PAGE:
Over the next few weeks, a slow trickle of news about one measure of law firm success — law firm financial results — will gradually become a flood as more firms open up about their performance in 2016. Law firm leaders would be wise to focus on nine factors that determine success, says law firm management consultant William Johnston.
Unlike other forms of commerce and unlike in other nations, litigation investment and funding in the U.S. is largely unregulated with few disclosure requirements. Where darkness exists, ignorance and mistrust breed. Disclosure and transparency in litigation investment and funding is the first and proper step to better understand this opaque dynamic in the U.S. civil justice system, says Tripp Haston of Bradley Arant Boult Cummings LLP.
In the second half of this two-part series, attorneys with Sullivan & Cromwell LLP continue their discussion of the U.S. Trade Representative's new covered agreement with the European Union, summarizing the agreement's provisions relating to group supervision.
The Senate on Friday passed a resolution under the Congressional Review Act that disapproves the U.S. Securities and Exchange Commission’s rule on resource extraction payments. The result for affected issuers is clear — the existing rule is gone, say attorneys with Cleary Gottlieb Steen & Hamilton LLP.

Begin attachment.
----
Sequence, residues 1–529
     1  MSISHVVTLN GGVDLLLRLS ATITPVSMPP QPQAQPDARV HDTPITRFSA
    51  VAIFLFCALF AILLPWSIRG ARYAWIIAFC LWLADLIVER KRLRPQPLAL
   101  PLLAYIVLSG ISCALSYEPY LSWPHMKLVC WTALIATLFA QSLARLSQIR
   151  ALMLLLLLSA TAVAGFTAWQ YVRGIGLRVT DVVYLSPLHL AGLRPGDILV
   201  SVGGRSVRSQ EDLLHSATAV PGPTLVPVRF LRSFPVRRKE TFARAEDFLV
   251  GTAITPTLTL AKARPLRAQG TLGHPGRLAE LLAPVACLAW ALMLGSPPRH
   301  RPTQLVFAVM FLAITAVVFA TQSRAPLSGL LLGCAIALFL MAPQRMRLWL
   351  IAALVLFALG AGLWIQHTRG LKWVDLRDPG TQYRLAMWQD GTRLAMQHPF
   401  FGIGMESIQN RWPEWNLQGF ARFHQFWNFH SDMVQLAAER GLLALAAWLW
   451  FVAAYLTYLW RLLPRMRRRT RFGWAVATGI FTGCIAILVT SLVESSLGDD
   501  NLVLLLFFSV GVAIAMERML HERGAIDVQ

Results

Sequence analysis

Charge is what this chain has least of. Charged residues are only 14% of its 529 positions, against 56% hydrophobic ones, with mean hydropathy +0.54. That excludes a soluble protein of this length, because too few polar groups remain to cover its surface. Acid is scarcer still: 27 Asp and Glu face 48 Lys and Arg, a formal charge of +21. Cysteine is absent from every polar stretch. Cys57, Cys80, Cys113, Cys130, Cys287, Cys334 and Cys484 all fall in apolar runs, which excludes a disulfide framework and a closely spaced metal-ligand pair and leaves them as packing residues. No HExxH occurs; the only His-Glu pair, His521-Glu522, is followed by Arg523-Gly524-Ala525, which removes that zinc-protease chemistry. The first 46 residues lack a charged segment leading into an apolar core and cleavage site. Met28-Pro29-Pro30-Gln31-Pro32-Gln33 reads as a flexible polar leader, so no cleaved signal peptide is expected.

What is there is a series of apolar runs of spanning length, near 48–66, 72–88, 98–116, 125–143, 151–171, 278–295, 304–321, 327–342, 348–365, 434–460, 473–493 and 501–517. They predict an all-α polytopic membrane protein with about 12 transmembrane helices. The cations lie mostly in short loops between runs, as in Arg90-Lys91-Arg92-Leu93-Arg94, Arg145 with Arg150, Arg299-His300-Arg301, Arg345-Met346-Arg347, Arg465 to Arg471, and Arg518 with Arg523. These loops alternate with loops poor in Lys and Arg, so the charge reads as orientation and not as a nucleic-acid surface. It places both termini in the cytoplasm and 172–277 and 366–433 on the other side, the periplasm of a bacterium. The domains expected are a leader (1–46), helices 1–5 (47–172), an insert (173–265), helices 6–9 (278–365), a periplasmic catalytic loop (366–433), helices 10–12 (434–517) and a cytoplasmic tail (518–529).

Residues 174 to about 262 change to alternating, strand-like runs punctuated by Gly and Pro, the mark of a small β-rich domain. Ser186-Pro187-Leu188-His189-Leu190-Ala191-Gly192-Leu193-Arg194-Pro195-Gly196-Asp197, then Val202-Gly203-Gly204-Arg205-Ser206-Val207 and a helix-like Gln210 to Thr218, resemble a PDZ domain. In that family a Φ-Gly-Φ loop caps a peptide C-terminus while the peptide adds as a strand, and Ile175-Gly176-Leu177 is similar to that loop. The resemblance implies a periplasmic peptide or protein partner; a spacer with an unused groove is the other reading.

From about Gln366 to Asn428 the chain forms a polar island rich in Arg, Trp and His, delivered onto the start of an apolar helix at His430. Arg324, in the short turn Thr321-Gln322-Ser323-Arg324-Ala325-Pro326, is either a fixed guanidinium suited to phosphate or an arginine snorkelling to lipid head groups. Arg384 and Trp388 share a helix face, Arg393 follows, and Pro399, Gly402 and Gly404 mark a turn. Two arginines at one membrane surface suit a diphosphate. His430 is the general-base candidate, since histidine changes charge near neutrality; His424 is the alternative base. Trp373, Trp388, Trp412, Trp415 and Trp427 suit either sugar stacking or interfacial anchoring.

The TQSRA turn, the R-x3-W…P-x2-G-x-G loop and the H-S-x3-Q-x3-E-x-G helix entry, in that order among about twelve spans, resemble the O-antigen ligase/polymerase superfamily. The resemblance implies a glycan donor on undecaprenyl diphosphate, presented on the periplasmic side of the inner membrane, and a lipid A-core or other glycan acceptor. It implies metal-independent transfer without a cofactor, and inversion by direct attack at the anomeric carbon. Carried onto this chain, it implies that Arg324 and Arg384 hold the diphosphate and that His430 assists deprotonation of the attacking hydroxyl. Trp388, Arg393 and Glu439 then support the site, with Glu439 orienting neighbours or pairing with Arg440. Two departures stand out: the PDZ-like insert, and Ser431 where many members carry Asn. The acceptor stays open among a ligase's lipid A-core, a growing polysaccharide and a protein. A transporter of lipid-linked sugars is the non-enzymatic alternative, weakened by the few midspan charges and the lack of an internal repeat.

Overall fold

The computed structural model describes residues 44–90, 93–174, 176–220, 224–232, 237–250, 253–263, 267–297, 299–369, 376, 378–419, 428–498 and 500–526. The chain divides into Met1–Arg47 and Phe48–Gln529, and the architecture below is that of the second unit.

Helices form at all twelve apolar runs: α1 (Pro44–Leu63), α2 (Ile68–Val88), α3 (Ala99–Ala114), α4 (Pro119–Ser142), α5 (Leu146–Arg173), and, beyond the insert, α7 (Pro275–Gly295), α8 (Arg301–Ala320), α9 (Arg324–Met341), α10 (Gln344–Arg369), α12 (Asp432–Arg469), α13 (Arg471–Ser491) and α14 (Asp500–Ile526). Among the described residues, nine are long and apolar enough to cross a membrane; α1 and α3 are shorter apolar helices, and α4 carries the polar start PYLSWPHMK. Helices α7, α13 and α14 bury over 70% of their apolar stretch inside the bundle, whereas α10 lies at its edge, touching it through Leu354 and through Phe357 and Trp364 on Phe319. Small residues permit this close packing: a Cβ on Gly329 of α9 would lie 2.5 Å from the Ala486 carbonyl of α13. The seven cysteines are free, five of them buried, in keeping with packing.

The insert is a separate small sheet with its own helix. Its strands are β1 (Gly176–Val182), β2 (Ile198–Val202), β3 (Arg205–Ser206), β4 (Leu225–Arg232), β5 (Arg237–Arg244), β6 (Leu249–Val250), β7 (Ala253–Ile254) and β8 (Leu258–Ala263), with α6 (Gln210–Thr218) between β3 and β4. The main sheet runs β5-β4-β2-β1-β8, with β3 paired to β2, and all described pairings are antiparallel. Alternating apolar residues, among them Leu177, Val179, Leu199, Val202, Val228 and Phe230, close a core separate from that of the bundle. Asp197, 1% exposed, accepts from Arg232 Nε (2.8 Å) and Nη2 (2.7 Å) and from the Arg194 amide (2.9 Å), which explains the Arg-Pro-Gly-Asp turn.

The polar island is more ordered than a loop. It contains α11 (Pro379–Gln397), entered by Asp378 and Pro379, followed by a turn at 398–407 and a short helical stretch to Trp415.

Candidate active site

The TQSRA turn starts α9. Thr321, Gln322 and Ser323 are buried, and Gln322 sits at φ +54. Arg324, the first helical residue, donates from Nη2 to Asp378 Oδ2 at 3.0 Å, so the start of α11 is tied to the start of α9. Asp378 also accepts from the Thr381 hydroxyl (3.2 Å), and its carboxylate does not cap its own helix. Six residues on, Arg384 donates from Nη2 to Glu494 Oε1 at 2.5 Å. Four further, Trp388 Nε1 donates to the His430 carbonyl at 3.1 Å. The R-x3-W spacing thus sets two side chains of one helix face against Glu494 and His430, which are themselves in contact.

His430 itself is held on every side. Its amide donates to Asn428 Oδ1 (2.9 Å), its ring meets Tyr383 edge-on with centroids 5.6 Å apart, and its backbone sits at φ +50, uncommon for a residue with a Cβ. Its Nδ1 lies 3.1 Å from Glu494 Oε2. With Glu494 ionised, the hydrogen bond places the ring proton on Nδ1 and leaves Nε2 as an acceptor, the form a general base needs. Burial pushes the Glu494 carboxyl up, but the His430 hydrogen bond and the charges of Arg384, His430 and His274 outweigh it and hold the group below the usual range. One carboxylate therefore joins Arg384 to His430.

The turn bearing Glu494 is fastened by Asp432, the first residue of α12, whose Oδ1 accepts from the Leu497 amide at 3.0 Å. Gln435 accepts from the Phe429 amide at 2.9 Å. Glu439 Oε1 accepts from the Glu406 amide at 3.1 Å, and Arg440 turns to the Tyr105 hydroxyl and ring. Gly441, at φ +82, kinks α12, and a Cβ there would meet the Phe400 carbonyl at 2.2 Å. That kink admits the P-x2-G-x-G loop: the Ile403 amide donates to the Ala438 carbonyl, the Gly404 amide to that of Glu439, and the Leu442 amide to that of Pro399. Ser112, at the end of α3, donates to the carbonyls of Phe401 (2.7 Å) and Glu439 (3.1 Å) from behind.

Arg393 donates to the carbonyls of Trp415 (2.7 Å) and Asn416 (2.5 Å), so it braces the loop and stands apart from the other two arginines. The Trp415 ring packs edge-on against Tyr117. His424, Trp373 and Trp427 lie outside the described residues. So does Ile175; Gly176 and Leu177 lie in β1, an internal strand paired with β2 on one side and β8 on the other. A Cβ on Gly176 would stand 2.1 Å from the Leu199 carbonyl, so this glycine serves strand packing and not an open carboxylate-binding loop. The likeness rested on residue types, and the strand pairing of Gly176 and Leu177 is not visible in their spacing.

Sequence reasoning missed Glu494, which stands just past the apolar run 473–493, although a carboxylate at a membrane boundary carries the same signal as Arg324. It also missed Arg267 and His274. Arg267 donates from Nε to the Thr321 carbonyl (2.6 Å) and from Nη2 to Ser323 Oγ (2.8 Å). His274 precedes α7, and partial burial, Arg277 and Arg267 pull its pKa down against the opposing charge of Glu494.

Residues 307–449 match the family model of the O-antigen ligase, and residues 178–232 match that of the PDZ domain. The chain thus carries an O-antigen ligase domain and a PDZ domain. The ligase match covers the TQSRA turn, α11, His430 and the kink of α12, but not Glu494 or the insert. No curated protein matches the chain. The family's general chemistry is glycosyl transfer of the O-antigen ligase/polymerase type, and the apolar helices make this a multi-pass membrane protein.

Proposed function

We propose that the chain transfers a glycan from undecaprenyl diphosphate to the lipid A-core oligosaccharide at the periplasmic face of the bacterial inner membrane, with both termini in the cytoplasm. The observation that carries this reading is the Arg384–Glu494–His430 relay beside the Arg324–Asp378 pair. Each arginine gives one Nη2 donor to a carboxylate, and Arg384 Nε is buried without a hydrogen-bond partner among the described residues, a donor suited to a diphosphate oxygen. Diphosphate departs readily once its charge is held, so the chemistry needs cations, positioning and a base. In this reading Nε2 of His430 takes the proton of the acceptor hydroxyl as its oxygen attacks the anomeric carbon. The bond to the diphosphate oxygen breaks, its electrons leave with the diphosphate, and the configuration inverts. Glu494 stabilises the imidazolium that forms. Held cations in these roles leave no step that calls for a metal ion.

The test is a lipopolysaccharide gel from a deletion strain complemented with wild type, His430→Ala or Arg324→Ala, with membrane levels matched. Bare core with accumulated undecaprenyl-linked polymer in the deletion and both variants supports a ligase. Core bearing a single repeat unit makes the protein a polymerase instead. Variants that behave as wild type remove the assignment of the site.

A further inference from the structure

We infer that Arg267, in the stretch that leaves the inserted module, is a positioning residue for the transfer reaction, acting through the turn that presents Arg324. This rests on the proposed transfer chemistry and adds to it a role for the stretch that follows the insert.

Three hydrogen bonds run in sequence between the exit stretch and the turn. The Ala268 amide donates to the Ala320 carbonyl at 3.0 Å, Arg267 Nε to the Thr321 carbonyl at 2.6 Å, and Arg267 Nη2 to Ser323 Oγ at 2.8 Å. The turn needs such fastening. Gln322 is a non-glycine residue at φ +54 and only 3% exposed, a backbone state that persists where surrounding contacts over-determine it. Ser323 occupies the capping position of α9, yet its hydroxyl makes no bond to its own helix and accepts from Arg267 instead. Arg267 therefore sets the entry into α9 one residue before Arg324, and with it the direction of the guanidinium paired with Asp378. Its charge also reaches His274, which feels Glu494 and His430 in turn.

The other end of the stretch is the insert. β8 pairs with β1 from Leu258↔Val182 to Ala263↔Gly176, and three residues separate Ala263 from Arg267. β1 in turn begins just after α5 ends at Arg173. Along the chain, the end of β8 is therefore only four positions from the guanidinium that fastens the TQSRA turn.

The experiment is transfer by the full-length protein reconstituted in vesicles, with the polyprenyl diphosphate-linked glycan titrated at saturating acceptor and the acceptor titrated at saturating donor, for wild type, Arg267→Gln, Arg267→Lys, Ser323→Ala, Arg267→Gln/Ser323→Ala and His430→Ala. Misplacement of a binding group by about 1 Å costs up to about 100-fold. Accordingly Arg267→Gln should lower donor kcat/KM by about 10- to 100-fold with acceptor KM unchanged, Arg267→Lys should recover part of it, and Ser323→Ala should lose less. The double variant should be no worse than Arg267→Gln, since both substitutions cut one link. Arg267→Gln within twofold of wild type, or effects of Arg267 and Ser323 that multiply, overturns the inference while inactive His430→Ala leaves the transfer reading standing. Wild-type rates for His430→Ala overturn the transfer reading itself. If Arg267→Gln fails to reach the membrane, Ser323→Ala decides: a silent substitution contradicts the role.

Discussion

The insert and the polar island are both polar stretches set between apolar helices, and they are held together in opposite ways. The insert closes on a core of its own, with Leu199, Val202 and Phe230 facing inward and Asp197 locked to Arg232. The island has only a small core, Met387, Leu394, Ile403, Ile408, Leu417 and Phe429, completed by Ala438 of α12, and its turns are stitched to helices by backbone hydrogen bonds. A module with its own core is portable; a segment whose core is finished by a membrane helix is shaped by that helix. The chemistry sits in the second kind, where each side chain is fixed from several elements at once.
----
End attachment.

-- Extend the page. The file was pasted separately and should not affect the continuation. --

The U.S. Department of the Treasury and the U.S. Trade Representative recently announced the completion of a new bilateral covered agreement between the EU and the U.S. In the first half of this two-part article, attorneys with Sullivan & Cromwell LLP summarize and explain the agreement's reinsurance provisions.
The Fifth Amendment is normally associated with criminal proceedings and the prohibition against self-incriminating testimony. However, its protections also apply in some other matters, such as contempt of Congress. More importantly for tax law purposes, there is a documentary production privilege, and there is a trio of cases that flesh out this concept, says Michael DeBlis III of DeBlis Law.